India’s telecoms regulatory authority (TRAI) has curtailed sponsored data services in the country, while American operators continue to load up on free or otherwise subsidised data services.
The ruling forbids operators or service providers of any kind from offering differentiated data services at a discriminatory price point. After a lengthy consultation period, where it considered a number of possibilities for alternative subsidised data opportunities, it concluded that under no circumstances are discriminatory pricing strategies allowed for content. An early precedent set in the ruling document says:
“Regulatory oversight is required so that the tariff framework follows the broad regulatory principles of non-discrimination, transparency, non-predatory, non-ambiguous, not anti-competitive and not misleading.”
One of the services close to the core of the ruling is the Free Basics service offered by Facebook in India via its Internet.org subsidiary. Free Basics allows users to download the app and get free access to content submitted by partners of the service. While the TRAI doesn’t explicitly cite Free Basics at any point, it does strongly hint at it – in a way in which only convoluted regulatory proceedings can.
“Under one design, an entity created a platform wherein content providers and TSPs can register,” it said. “Subject to the approval of the platform provider, the customers of the TSPs, registered on the platform, will be able to access those websites (either in full or only certain content of those websites) which are listed on this platform.”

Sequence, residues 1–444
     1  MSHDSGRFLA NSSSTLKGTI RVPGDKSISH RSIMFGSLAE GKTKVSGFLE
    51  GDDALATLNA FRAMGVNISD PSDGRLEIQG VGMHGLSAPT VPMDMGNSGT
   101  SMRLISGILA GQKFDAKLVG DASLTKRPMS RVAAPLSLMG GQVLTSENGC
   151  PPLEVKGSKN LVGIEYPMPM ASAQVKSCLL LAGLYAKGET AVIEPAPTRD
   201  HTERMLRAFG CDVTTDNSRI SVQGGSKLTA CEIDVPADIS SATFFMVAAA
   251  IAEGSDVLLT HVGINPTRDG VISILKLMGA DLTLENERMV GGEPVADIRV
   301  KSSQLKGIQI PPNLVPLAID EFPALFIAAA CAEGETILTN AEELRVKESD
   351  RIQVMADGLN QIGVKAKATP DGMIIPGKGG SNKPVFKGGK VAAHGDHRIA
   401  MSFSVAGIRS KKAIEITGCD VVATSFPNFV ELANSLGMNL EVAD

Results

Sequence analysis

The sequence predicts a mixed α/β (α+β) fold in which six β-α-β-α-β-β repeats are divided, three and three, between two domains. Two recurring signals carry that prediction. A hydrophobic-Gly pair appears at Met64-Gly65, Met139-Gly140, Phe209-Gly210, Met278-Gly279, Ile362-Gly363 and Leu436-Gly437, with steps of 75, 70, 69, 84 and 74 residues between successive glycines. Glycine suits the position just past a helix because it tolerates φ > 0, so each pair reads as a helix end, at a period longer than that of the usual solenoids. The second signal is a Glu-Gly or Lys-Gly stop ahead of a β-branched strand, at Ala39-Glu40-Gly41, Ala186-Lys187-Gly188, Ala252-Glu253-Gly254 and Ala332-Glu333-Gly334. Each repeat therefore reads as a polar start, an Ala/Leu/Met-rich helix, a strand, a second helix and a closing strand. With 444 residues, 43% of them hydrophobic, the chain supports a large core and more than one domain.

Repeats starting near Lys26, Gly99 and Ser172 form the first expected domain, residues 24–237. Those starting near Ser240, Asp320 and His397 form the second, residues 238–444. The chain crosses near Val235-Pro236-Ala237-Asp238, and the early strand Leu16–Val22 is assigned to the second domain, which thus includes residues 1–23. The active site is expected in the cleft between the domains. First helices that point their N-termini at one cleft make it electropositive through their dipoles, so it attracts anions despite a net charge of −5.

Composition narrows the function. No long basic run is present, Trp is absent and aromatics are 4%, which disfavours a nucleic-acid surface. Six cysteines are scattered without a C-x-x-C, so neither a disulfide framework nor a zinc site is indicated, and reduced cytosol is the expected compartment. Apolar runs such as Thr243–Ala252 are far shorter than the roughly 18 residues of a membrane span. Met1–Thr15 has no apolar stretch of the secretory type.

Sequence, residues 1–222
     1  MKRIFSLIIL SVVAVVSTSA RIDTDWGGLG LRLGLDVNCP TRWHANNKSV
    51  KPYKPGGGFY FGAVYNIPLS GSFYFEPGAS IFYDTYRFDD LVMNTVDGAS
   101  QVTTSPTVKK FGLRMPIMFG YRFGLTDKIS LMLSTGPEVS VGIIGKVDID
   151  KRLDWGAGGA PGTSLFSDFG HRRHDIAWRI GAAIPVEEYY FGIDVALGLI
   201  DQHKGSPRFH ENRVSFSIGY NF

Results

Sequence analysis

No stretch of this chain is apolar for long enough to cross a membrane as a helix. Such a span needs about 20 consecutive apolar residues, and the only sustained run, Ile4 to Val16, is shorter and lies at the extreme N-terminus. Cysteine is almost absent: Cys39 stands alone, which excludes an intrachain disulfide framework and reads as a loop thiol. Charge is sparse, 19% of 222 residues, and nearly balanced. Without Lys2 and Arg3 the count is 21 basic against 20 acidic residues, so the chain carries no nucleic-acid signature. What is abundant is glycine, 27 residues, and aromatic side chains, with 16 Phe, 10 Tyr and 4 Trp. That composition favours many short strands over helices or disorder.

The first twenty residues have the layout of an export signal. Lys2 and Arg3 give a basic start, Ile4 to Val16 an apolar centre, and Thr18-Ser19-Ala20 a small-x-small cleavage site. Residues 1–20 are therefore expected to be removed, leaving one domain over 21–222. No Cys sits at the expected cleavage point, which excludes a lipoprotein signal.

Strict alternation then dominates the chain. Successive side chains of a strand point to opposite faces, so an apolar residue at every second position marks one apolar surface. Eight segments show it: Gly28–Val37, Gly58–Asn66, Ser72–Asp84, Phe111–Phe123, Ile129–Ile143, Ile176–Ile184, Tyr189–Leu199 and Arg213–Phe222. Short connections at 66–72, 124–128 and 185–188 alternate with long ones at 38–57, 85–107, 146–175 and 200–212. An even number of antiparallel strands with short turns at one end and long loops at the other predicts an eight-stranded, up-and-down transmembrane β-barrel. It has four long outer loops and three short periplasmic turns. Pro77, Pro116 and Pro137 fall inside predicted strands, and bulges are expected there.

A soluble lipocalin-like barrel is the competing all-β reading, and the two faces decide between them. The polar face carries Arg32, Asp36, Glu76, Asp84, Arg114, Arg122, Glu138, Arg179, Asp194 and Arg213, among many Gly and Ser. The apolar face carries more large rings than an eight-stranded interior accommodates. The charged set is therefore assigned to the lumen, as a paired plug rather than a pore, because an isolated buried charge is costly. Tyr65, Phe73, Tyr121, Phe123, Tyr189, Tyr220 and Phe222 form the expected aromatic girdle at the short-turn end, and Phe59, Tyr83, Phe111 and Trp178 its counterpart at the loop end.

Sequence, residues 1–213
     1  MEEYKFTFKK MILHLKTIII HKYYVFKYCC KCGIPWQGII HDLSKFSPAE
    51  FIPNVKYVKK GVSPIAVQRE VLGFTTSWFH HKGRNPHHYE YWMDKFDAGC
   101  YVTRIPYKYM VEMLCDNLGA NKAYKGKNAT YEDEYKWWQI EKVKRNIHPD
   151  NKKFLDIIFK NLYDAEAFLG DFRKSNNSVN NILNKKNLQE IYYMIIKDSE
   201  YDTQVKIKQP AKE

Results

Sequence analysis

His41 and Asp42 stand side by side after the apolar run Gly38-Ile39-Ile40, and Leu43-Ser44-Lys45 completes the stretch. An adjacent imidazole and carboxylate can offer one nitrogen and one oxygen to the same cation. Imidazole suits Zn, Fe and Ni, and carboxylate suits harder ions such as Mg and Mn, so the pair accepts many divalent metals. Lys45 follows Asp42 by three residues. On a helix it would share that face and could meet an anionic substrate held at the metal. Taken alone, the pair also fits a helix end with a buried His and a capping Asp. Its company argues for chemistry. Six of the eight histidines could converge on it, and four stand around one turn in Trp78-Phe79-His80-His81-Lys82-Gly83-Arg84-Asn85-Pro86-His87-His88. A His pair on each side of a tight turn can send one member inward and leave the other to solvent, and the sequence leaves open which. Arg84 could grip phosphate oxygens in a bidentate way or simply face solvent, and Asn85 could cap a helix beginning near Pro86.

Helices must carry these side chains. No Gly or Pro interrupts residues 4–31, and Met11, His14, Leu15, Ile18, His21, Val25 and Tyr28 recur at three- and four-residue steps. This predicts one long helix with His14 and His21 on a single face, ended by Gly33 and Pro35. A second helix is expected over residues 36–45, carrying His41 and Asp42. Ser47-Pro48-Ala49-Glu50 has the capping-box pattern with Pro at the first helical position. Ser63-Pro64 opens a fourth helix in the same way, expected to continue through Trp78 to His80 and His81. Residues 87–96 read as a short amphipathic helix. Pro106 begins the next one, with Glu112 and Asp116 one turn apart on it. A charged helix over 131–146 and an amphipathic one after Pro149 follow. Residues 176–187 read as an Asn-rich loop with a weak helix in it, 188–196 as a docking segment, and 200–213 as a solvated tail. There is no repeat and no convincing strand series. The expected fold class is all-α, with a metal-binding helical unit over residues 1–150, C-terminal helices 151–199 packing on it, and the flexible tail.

Today’s ruling has some clear tie-ins with the net neutrality debate, and while the TRAI doesn’t ever directly say “net neutrality” in the ruling at any point, some of the justification for its ruling suggests it was at least worthy of some pretty lengthy consideration.
The argument in favour of the ruling in India says larger content providers which can spend money on data sponsorship will be the ones to benefit, while smaller content providers or startups will be at a disadvantage if they are unable to afford the cost. This, in principle, is one of the main debates surrounding net neutrality, and clearly continues to rage.
Funnily enough, over in the land of free video streaming, Verizon has gone in the completely opposite direction by introducing a free streaming element to its Go90 content app. The carrier has confirmed certain video-streaming partners of the service can be viewed with no data charge for pay-monthly users, similar to T-Mobile’s BingeOn. One can only presume there’d be staunch opposition to any attempts by the FCC to curtail free content streaming, also known as zero-rating.
Incidentally, the FCC sent out letters to AT&T, Comcast and T-Mobile in December requesting more information on their zero-rated video-streaming services. While the regulator insisted this was a benign information gathering exercise, one presumes the zero-rating, net neutrality, video streaming discussion has a long way yet to run.
With Amazon and Google launching smart home initiatives, have the telcos missed out on their chance to cash in on this market?
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